Washington Post Critic Resurrects Claim that Reagan Neglected AIDS Crisis

Posted: Feb 19, 2018 12:30 PM
Washington Post Critic Resurrects Claim that Reagan Neglected AIDS Crisis

Washington Post art critic Philip Kennicott matter-of-factly wrote that President Reagan neglected the AIDS crisis in the 1980s. He made the claim in his recent review of a new exhibit at the Hirshhorn Museum in Washington, D.C.

It ends with the economic crash of 1987 and the age of AIDS, a disease cruelly exacerbated by the sudden right turn in American politics to a sunny, mindless optimism that privileged consumption over compassion, selfishness over the social contract, and American power over American idealism. Artistically, and culturally, we are directly descended from the greed and hypocrisy of the 1980s — a fact that this exhibition emphasizes and perhaps implicitly endorses.

The Guerrilla Girls managed to use the techniques of advertising effectively to challenge the misogyny of the art world; so, too, the artists of Gran Fury, who created the iconic “Silence=Death” logo to call attention to the Reagan administration’s purposeful neglect of the AIDS crisis. (Newsbusters)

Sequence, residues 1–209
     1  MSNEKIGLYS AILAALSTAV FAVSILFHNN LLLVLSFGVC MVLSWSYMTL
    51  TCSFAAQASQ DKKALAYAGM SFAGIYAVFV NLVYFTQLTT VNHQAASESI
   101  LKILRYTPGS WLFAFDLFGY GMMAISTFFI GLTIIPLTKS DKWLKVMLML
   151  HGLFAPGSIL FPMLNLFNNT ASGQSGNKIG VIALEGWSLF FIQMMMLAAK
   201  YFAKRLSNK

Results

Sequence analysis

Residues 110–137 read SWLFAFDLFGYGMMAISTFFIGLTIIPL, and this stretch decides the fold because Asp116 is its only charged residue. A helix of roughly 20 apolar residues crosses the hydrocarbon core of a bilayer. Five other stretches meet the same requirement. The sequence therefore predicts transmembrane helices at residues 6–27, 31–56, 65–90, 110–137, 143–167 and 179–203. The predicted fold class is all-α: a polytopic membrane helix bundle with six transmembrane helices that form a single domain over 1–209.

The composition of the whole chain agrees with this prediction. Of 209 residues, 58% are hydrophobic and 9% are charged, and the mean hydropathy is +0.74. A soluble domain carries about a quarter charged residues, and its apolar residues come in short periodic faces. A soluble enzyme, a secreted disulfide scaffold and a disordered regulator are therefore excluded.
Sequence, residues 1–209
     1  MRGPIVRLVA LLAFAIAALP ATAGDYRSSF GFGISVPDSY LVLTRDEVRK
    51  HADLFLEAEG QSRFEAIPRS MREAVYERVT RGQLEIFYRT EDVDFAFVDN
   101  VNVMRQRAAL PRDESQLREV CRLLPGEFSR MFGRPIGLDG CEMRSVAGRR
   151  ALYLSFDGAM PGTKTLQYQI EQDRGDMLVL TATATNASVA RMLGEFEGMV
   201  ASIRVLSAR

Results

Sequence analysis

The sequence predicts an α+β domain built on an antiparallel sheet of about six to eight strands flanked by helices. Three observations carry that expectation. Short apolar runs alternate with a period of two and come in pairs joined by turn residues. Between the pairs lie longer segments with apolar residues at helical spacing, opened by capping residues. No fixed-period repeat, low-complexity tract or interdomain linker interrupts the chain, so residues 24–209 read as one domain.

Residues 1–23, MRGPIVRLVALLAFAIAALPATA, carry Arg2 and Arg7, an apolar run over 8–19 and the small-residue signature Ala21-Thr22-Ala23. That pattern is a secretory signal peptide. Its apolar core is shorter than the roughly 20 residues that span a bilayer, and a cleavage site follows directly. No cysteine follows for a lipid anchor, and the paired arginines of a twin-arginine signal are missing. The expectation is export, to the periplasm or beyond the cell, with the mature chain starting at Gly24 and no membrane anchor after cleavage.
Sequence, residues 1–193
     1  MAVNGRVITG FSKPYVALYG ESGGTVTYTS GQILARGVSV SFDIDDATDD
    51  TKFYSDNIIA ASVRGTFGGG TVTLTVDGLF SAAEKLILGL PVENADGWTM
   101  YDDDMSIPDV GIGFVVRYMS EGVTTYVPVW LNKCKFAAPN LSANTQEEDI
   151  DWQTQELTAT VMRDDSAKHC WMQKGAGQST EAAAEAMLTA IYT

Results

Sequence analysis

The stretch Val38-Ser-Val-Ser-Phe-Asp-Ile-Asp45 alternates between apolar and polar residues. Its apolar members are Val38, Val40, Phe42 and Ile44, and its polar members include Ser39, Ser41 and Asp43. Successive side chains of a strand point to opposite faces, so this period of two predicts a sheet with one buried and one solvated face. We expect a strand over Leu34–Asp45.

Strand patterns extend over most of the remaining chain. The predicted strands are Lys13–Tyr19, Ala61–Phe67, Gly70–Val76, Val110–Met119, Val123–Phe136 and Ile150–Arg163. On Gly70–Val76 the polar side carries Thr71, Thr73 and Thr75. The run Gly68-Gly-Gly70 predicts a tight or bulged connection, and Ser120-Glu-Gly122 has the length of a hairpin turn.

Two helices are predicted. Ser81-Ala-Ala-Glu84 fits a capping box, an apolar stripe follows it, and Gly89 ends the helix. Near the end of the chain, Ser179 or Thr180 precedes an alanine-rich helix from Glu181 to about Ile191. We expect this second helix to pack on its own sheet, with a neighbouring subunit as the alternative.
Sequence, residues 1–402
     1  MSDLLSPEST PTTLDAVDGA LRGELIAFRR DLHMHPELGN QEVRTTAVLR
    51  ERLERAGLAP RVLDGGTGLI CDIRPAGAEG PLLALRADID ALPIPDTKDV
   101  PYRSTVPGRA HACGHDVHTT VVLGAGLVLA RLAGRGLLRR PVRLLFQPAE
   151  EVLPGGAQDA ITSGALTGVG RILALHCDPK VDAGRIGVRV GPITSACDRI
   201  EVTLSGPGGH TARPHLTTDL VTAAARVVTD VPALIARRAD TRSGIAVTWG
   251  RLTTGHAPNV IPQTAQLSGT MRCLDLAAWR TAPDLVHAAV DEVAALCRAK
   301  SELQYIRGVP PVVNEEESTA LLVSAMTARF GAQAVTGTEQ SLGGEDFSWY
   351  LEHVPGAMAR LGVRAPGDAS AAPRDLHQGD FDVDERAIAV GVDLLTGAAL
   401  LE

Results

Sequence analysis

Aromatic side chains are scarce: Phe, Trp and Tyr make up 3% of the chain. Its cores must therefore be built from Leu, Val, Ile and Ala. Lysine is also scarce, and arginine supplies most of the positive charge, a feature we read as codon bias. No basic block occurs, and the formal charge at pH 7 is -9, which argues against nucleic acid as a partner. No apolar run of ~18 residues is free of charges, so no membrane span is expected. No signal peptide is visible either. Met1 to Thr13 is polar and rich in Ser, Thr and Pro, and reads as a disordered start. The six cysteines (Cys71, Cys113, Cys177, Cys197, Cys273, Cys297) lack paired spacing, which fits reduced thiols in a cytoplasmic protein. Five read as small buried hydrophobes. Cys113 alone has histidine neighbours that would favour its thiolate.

The Washington Post is hardly the first outlet to make this charge. In its report on a documentary called "When AIDS Was Funny," Vanity Fair said the administration's lackluster response to the epidemic remains a "stain" on their reputation. The short film suggests that the Reagan White House repeatedly ignored the crisis and mocked reporters who wanted answers. Some critics have fumed that Reagan never even mentioned the epidemic for the first seven years of his presidency.

“Reagan did not even mention the word AIDS,” according to Washington Post columnist Richard Cohen, “until the disease was impossible to ignore and his friend Rock Hudson had died from it.”

Yet, if you take a look at spending, it was clearly on his mind.

The administration increased AIDS funding requests from $8 million in 1982 to $26.5 million in 1983, which Congress bumped to $44 million, a number that doubled every year thereafter during Reagan’s presidency, author Carl M. Cannon explains.

Another Reagan rumor was circulated last month after Trump's White House doctor Rear Adm. Ronny Jackson failed to quash speculation that the 40th president started to have Alzheimer's while he was still in office. The Reagan Foundation quickly debunked that suggestion.